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Minimum wage change of heart

By Jim Killebrew

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[May 13, 2014]  I think I have had a reconsideration regarding the minimum wage. I understand it is likely that some employers will have to downsize their staff numbers in order to meet a new payroll increased by a minimum wage increase mandate. That inevitably will cause some to lose their jobs since the employer will not be able to pass the payroll increase on to customers or clients.

But for the vast majority of employees who work for minimum wage presently will likely be able to keep their jobs since the employer will be able to pass the increased cost onto customers. The extra money has to come from some place, so increasing prices for services or products will likely be the only alternative most employers will have. That of course is the negative side of the increased minimum wage issue.

The positive side of the equation of this issue is for those people who are making the current $7.25 per hour minimum wage will immediately see an increase in their personal paycheck. Justifiably, the argument is those employees who make that wage are unable to support themselves or a family at that level of income. For them the possibility of having even a small increase in wage is almost hopeless, especially for those in the service field such as restaurants where employers tend to pay less than minimum wage and expect the waitperson’s tips to make up the difference. So for that group of people who are depending on their wage to sustain their sustenance of life, it will be a great boost for them to have a raise they can count on to help in their daily living.

As a taxpayer and humanitarian we must look toward the greatest benefit for those in need. It will likely cost more as prices edge upward because of higher prices for goods and services, but for those who will benefit from the increase in wage it should be worth it for them to have more income on which to live. Eventually, as it always does, the prices will drift up and settle at a place where it will cost more, but in the meantime those who are in the greatest need will have experienced a glimmer of hope and joy, at least momentarily providing a respite from the depths of poverty.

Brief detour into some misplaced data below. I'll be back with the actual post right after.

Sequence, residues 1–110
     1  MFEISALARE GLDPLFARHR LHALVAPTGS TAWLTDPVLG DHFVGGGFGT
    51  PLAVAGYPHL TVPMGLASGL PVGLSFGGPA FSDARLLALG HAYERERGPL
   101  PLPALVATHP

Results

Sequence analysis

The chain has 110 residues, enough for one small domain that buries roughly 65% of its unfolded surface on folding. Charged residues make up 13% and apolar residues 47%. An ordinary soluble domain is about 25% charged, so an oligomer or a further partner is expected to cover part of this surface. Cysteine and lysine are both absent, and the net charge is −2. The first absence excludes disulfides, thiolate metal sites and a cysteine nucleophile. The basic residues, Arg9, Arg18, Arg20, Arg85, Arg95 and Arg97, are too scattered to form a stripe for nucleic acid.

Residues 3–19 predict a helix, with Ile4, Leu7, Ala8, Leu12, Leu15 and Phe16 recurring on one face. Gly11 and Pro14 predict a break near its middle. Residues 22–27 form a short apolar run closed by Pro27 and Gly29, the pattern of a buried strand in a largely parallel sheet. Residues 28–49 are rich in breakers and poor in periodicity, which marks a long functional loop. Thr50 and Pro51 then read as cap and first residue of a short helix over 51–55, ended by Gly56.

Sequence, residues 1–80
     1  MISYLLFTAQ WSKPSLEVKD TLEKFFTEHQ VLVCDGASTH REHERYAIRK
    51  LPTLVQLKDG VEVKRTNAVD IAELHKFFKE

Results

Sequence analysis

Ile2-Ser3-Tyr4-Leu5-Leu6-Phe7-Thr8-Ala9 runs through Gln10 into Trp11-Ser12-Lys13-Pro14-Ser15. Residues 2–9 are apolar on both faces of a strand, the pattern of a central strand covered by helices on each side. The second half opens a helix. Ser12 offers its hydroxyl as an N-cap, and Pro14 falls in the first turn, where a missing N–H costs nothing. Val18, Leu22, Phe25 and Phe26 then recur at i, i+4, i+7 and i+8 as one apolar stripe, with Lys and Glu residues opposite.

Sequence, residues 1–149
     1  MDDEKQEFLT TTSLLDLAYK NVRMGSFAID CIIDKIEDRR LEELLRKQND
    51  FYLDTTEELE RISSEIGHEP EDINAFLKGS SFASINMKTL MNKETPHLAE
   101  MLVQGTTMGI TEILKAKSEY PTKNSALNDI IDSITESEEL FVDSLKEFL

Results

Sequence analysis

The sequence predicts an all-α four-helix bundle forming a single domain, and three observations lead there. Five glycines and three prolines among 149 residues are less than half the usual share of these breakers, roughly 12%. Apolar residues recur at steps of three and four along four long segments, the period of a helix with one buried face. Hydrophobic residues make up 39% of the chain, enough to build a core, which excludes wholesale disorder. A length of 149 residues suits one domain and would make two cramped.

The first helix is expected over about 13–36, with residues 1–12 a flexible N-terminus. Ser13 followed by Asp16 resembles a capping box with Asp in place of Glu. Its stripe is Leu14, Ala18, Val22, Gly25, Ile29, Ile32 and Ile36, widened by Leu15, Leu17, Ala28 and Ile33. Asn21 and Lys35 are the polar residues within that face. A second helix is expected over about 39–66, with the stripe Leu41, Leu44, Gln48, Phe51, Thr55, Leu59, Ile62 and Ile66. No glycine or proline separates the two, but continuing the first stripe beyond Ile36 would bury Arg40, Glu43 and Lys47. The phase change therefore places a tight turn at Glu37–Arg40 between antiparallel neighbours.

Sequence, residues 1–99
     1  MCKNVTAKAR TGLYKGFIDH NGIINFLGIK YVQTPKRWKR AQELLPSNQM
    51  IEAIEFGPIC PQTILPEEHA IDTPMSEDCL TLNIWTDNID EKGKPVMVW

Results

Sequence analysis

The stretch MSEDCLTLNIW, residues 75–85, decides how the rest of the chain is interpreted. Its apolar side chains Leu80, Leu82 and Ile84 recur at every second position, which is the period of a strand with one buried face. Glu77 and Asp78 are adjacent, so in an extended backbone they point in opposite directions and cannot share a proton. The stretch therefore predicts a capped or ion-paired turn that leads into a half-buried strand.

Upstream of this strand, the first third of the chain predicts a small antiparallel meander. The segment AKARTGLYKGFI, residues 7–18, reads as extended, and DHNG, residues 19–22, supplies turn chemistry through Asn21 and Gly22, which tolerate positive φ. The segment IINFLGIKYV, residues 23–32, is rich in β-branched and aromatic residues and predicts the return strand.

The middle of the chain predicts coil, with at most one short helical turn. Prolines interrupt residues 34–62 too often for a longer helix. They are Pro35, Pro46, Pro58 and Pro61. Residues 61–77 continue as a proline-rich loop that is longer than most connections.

In the long run when the economy levels out and even begins to grow, more people will be in jobs that do not have to depend on minimum wage level salary. Those jobs have traditionally been the mainstay of teenagers, non-skilled workers and part-time, temporary jobs. Those jobs have never been considered a career-type job where a head-of-household wage earner would remain for a life-time of work. Those jobs have helped youth in high school or early college years close the gap of either having or not having spending money for their teen-age years. As the economy has gone south with recessions and inflation more people who do have families have yielded to the need to have the lower paying jobs just to make ends meet. The devastation this has caused has been those single Moms who have resorted out of necessity to take the lower, hourly minimum wage positions just to fee their children.

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Therefore, considering the United States has been in an economic slump over the past five or six years even though the politicians are telling us the recession is over, the person who buys gasoline, shops for groceries, pays fees for their children to attend school, buys clothes, pays utility bills, house payments all know the politicians who make hundreds of thousands of dollars of taxpayer money in their own salaries really have no credibility in telling someone on a minimum wage that the recession is over. If for no other reason other than the rising cost of living in our country, the minimum wage should be raised just to allow for that cost of living increase.

The major problem I see in the issue of minimum wage is that it has to depend on the federal government for the most part to establish a practice on private citizens by using the force of law. If the politicians were to actually try to work together on this issue rather than using their own partisanship practices to “follow their party line” as always, the solution could be found that would lessen the strain on small business employers and provide the benefits of an increased wage for those lowest income wage earners. We, and they, should look for ways to empathetically help those who are working to help themselves by both lowering the government wage confiscatory practices and helping to increase the value of work by increasing the living standard of those who do work.


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